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Do Durham care about Pro40?
WHILE both the County Championship and Pro40 games both had their moments of interruption this week, there seemed to be a sizeable proportion of the crowd being less frustrated as usual, as it meant they could switch their focus to the Oval.
For the County Championship, it largely meant a crowd of earpieces and the reassuring burble of Test Match Special in all its long wave glory, replete with bathetic tension-shattering switches to the other great crackling British institution of the shipping forecast.
Sunday's eventually farcical Pro40 tie found members scurrying up and downstairs between interruptions for drizzle, while the majority of the crowd were treated to surreal moments of radio listeners cheering wickets some seconds before the TV feed hit the big screen.
In some respects, the way in which the attentions of the crowd slipped away from the Pro 40 match seemed somewhat fitting.
Without shaking your fist skywards, it seems unreasonable to blame the incessant drizzle that spoilt the game, but the umpiring inconsistencies towards what constituted light suitable to play in, something particularly evident in Twenty20, hardly helped the small crowd's enjoyment.
The weather, combined with the excitement developing at the Oval, had ensured a smaller than usual crowd, but perhaps the realisation that by playing a raw, if talented, young side, Durham care little about actually winning the tournament, and this ambivalence towards it has seeped into the crowd's attitude.
While Michael Di Venuto's early season one-day form had been questionable and not up to his immensely high standards in the County Championship, the decision to drop Dale Benkenstein, perhaps the most consistent one-day middle order batsman that the club has ever had, seems to indicate any lack of desire to be taking the competition that seriously.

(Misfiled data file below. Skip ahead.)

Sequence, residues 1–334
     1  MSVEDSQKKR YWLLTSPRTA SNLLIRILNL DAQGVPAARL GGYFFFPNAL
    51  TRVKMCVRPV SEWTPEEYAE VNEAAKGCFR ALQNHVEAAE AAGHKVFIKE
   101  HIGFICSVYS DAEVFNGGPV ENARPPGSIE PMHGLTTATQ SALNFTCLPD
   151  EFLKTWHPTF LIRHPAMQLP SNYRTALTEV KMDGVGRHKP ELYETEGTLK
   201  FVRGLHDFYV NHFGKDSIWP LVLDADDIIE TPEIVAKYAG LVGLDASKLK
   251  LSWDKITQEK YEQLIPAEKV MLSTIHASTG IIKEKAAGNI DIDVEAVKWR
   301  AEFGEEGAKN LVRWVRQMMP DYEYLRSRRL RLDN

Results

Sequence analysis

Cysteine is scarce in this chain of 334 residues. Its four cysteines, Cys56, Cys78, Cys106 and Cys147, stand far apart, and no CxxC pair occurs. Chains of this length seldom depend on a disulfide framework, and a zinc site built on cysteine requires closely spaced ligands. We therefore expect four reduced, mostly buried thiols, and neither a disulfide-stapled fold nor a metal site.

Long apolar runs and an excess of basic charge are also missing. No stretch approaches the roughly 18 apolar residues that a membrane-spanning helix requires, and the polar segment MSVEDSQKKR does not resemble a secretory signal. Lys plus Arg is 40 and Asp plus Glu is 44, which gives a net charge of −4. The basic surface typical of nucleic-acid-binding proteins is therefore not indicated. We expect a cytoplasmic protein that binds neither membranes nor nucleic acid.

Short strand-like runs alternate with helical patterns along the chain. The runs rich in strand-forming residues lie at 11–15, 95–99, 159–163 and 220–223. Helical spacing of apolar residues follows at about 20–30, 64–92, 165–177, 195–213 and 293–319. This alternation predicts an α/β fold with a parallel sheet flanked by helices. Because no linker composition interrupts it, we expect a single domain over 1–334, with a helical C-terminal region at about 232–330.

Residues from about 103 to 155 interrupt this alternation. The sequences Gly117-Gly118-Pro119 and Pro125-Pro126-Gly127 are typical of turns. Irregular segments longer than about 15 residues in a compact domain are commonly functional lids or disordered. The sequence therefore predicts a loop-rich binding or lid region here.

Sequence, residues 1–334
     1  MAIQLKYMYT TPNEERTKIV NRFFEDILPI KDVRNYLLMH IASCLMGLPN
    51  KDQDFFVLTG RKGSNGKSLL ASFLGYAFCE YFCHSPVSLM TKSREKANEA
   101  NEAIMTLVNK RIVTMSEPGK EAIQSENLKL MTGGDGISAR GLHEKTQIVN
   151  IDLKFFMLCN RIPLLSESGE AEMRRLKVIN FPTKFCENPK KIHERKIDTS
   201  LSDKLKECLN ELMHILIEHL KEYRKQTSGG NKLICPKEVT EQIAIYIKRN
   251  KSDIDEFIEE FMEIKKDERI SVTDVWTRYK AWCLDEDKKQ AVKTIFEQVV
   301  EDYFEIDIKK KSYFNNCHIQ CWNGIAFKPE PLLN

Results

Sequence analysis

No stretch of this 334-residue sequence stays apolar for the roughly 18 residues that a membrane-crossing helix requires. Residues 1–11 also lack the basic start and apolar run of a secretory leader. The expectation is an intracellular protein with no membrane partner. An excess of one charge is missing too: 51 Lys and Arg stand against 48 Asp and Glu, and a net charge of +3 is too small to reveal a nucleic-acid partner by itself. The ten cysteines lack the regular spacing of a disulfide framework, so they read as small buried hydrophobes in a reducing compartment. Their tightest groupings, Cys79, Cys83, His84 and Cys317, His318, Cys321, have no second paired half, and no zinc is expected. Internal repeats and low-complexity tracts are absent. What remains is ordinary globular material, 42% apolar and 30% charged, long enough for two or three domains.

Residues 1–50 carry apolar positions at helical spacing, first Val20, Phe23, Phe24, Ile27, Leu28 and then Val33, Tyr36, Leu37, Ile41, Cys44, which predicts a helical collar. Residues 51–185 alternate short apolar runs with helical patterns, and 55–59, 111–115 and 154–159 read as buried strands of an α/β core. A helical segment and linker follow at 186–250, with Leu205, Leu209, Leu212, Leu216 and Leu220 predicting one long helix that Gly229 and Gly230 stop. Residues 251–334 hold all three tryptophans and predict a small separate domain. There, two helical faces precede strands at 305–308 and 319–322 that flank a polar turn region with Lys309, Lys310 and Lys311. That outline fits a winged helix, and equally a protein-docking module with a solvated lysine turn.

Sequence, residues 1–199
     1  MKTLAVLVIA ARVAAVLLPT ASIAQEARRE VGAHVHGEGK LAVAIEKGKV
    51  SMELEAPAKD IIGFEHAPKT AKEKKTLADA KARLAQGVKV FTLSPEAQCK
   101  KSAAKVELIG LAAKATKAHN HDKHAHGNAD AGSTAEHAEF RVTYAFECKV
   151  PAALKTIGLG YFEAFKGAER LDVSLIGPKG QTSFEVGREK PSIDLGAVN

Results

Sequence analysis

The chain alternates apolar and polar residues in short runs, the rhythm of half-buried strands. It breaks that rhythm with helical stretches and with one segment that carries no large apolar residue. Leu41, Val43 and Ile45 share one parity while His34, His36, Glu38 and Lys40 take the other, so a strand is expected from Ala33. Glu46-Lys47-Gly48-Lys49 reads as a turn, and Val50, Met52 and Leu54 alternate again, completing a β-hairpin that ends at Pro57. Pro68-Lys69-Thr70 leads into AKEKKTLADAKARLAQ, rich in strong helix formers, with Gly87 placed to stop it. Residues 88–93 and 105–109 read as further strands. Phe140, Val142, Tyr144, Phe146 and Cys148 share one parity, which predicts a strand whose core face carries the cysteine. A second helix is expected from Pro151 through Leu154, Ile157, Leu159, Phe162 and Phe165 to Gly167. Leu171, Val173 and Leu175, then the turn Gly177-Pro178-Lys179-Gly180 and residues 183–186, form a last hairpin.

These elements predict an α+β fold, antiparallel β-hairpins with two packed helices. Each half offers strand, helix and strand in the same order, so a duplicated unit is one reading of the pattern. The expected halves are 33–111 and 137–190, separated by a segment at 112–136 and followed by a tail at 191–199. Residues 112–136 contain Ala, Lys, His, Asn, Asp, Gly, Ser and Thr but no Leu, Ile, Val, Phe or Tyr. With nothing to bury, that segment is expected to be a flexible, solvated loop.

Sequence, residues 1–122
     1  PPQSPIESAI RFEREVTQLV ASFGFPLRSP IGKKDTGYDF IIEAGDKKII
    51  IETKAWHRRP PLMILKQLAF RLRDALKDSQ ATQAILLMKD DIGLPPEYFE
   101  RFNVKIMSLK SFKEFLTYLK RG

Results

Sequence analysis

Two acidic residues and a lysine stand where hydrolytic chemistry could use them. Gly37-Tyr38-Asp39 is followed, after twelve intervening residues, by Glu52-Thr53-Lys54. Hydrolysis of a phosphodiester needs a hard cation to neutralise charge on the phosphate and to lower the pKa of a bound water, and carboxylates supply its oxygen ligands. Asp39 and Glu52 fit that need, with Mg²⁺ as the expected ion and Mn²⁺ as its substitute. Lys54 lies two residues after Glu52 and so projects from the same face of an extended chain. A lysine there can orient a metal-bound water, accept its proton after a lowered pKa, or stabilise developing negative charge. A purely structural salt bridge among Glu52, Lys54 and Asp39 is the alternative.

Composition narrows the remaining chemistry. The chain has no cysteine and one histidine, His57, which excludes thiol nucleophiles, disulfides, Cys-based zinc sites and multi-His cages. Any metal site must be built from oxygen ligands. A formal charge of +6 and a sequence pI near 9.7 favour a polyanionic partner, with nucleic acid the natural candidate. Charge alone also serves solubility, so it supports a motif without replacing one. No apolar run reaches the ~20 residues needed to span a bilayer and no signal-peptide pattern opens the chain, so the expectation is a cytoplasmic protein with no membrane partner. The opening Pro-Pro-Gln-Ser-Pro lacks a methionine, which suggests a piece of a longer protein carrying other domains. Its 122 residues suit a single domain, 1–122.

On the surface, his inclusion was so that the no doubt highly-paid Shiv Chanderpaul could be accommodated, but there was surely space for him in a line-up full of young all-rounders, if of course you wanted to give yourself the best opportunity of actually win the game.
The continued inclusion of inconsistent Ben Harmison at three in the batting order, while the in-form Coetzer, who must be surely knocking on the door of the Championship side, at six seems particularly baffling.
But just as the League Cup in football is poorly attended, with crowds unwilling to pay to see youngsters and reserves, Pro40 this season may suffer the same fate.
The march towards the County Championship had been similarly attended over the three days, despite the inevitability of the result after the team's first innings, which showed a certain similarity with the game at the Oval.
Warwickshire's inability to deal with the swinging ball at any pace, with only Ian Westwood's dogged second innings knock showing the only real resistance, made it look like a reasonably straightforward win for Durham, which was only emphasised by Chanderpaul's contemptuous six to win the game.
It is clear that this is where the priority lies and with Harmison and Onions returning after Ashes duty, it will be interesting to see who steps aside for them, especially as it seems that the former may just be too old for the current Pro40 team demographic, no matter how good his form is.
Thorp seems certain to keep his place, but it may well be a case of picking names from a hat for the other places, especially given Liam Plunkett's average with the bat.
Whoever gets the nod, there'll certainly be a real desire to win that particular competition.